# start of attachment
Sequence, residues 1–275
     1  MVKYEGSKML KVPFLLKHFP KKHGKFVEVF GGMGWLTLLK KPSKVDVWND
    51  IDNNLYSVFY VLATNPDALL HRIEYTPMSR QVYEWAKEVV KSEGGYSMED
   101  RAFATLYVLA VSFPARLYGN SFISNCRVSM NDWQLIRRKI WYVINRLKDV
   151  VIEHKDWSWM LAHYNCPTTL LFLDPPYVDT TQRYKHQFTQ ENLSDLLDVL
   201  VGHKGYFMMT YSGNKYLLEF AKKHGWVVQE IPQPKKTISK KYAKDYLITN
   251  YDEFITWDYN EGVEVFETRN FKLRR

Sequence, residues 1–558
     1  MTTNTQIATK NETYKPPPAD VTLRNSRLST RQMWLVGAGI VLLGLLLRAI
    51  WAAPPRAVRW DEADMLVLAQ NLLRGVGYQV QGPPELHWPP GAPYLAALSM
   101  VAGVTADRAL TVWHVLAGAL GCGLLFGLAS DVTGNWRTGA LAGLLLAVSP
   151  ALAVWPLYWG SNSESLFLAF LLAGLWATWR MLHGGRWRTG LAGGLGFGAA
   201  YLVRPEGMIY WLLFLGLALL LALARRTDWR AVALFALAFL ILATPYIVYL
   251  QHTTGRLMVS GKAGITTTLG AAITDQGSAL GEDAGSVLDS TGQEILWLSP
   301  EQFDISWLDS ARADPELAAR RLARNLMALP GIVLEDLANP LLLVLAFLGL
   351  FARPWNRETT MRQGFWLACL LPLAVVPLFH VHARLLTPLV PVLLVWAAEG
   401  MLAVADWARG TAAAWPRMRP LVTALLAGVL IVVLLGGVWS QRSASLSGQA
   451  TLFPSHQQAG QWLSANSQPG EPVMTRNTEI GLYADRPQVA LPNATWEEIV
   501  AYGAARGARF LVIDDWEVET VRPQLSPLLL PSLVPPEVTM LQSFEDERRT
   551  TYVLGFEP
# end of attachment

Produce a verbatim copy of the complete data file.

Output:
Sequence, residues 1–275
     1  MVKYEGSKML KVPFLLKHFP KKHGKFVEVF GGMGWLTLLK KPSKVDVWND
    51  IDNNLYSVFY VLATNPDALL HRIEYTPMSR QVYEWAKEVV KSEGGYSMED
   101  RAFATLYVLA VSFPARLYGN SFISNCRVSM NDWQLIRRKI WYVINRLKDV
   151  VIEHKDWSWM LAHYNCPTTL LFLDPPYVDT TQRYKHQFTQ ENLSDLLDVL
   201  VGHKGYFMMT YSGNKYLLEF AKKHGWVVQE IPQPKKTISK KYAKDYLITN
   251  YDEFITWDYN EGVEVFETRN FKLRR

Sequence, residues 1–558
     1  MTTNTQIATK NETYKPPPAD VTLRNSRLST RQMWLVGAGI VLLGLLLRAI
    51  WAAPPRAVRW DEADMLVLAQ NLLRGVGYQV QGPPELHWPP GAPYLAALSM
   101  VAGVTADRAL TVWHVLAGAL GCGLLFGLAS DVTGNWRTGA LAGLLLAVSP
   151  ALAVWPLYWG SNSESLFLAF LLAGLWATWR MLHGGRWRTG LAGGLGFGAA
   201  YLVRPEGMIY WLLFLGLALL LALARRTDWR AVALFALAFL ILATPYIVYL
   251  QHTTGRLMVS GKAGITTTLG AAITDQGSAL GEDAGSVLDS TGQEILWLSP
   301  EQFDISWLDS ARADPELAAR RLARNLMALP GIVLEDLANP LLLVLAFLGL
   351  FARPWNRETT MRQGFWLACL LPLAVVPLFH VHARLLTPLV PVLLVWAAEG
   401  MLAVADWARG TAAAWPRMRP LVTALLAGVL IVVLLGGVWS QRSASLSGQA
   451  TLFPSHQQAG QWLSANSQPG EPVMTRNTEI GLYADRPQVA LPNATWEEIV
   501  AYGAARGARF LVIDDWEVET VRPQLSPLLL PSLVPPEVTM LQSFEDERRT
   551  TYVLGFEP